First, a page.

The memories of my deported family brought forward other reminiscences. A couple of times in the early '90s I went to Russia for various children's literature events where I would meet children's writers from all over the world. At one of these gatherings I met Otfried Preussler. He used to be a special favourite, one of those whose books I and my friends read when we were quite grownup and loved: The Little Witch, The Little Ghost, The Little Water-Sprite. The Little Witch was in Russian called The Little Baba-Yaga. Thinking back, I am not sure whether it was a lucky translation. But the books were wonderful. Remember, we didn't have access to much of the Western children's literature, so the many stories about nice witches and scared ghosts were not known to us, therefore Preussler's books felt so different and fresh, and they were humorous and witty and lacked the didacticism we were fed up with. The little Baba-Yaga was a bit like Pippi Longstocking, whom we didn't know either before we were grownup. We used to read the books aloud for each other.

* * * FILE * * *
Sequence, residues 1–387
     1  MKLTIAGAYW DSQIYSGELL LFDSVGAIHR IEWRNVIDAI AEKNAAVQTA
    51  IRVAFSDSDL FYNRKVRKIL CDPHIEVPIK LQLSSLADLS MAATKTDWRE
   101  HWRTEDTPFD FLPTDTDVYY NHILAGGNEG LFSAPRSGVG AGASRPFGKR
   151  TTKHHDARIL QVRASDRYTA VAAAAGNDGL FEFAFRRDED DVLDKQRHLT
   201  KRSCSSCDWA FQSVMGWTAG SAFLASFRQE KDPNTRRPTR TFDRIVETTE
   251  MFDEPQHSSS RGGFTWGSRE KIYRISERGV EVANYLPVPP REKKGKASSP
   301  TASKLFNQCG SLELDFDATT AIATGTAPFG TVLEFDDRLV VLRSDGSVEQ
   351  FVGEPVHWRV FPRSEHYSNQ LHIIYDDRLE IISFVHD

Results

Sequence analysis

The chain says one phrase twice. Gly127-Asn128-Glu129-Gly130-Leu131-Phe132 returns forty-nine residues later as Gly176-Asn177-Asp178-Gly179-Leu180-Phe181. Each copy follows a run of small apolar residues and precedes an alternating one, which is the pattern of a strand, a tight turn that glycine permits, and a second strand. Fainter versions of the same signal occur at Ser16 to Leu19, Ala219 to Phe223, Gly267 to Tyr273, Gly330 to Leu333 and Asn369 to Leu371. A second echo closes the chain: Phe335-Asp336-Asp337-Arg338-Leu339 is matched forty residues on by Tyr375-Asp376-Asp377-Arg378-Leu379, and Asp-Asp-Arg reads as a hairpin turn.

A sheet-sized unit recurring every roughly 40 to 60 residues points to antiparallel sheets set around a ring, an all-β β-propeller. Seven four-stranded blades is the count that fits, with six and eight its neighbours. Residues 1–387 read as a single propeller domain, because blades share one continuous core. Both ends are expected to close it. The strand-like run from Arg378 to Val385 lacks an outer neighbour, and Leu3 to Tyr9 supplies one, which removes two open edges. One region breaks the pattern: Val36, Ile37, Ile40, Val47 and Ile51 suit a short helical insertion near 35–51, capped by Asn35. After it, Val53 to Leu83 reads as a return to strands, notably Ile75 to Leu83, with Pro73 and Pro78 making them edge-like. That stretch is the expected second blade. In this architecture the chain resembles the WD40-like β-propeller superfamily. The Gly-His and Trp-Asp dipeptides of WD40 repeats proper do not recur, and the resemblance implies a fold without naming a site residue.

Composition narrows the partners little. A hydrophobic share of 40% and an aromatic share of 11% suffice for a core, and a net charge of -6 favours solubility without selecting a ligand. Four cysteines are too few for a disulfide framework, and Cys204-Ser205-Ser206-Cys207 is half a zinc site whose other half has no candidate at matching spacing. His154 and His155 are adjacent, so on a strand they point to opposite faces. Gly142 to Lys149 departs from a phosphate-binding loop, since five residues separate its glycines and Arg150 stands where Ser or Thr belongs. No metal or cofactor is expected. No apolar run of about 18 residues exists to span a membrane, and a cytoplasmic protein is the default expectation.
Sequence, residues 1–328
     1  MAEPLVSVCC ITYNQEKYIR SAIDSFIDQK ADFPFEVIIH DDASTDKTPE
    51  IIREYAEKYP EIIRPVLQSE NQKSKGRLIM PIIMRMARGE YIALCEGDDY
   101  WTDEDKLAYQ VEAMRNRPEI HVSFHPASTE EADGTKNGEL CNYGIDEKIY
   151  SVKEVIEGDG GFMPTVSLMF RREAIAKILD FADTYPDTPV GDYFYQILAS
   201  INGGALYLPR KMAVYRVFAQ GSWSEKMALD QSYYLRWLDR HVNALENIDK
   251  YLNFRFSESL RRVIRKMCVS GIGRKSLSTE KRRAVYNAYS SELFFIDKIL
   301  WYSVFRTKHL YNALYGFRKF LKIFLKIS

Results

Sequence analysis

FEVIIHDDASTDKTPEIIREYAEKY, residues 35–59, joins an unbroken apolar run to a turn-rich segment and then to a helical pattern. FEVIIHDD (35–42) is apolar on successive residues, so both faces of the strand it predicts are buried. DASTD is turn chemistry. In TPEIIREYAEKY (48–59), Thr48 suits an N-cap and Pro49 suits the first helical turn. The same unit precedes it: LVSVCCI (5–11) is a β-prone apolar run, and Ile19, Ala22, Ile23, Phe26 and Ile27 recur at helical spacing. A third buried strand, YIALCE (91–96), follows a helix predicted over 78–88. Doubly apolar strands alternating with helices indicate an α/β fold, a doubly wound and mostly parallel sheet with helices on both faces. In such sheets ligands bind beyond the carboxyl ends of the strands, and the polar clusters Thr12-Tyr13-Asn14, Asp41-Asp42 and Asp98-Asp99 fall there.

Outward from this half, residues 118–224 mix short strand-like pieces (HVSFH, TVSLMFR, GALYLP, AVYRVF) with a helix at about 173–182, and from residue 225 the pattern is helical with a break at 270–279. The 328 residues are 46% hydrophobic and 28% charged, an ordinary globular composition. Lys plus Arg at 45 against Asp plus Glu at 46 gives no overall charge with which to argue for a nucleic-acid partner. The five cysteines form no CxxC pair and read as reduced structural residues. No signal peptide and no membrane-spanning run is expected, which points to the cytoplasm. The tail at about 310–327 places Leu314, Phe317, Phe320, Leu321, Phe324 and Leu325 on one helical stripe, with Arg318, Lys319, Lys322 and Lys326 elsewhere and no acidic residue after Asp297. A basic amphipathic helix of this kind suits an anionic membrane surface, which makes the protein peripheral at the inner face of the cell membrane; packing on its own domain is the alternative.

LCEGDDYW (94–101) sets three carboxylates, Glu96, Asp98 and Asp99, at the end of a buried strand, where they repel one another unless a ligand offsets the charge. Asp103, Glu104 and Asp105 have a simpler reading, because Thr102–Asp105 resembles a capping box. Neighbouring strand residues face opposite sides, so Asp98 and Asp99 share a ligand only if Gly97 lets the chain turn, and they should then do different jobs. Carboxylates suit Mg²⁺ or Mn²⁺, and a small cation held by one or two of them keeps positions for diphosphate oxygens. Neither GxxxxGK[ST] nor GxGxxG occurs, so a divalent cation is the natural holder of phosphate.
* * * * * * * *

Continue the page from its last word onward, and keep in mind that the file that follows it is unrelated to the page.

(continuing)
As a grownup, I certainly prefer The Satanic Mill, but that's another story.
Imagine how thrilled I was to meet this great writer. Children's literature gatherings are always lively social events, so there were long dinners with plenty of strong beverages, and at some point I was sitting beside Preussler who started talking Russian to me. Perfect Russian. He had learned it in a Russian POW camp. To that, I could only reply by telling the story of my German family, stating that there was presumably little difference between POW camps and labour camps for deported Germans.
After which we started singing German songs. First children's songs, crying and laughing in turns. But after another shot of vodka, we went over to dirty songs. That a nice well-behaved Russian girl resident in Sweden knew German dirty songs might have come as a surprise, but by that time nothing mattered beside our common cultural heritage.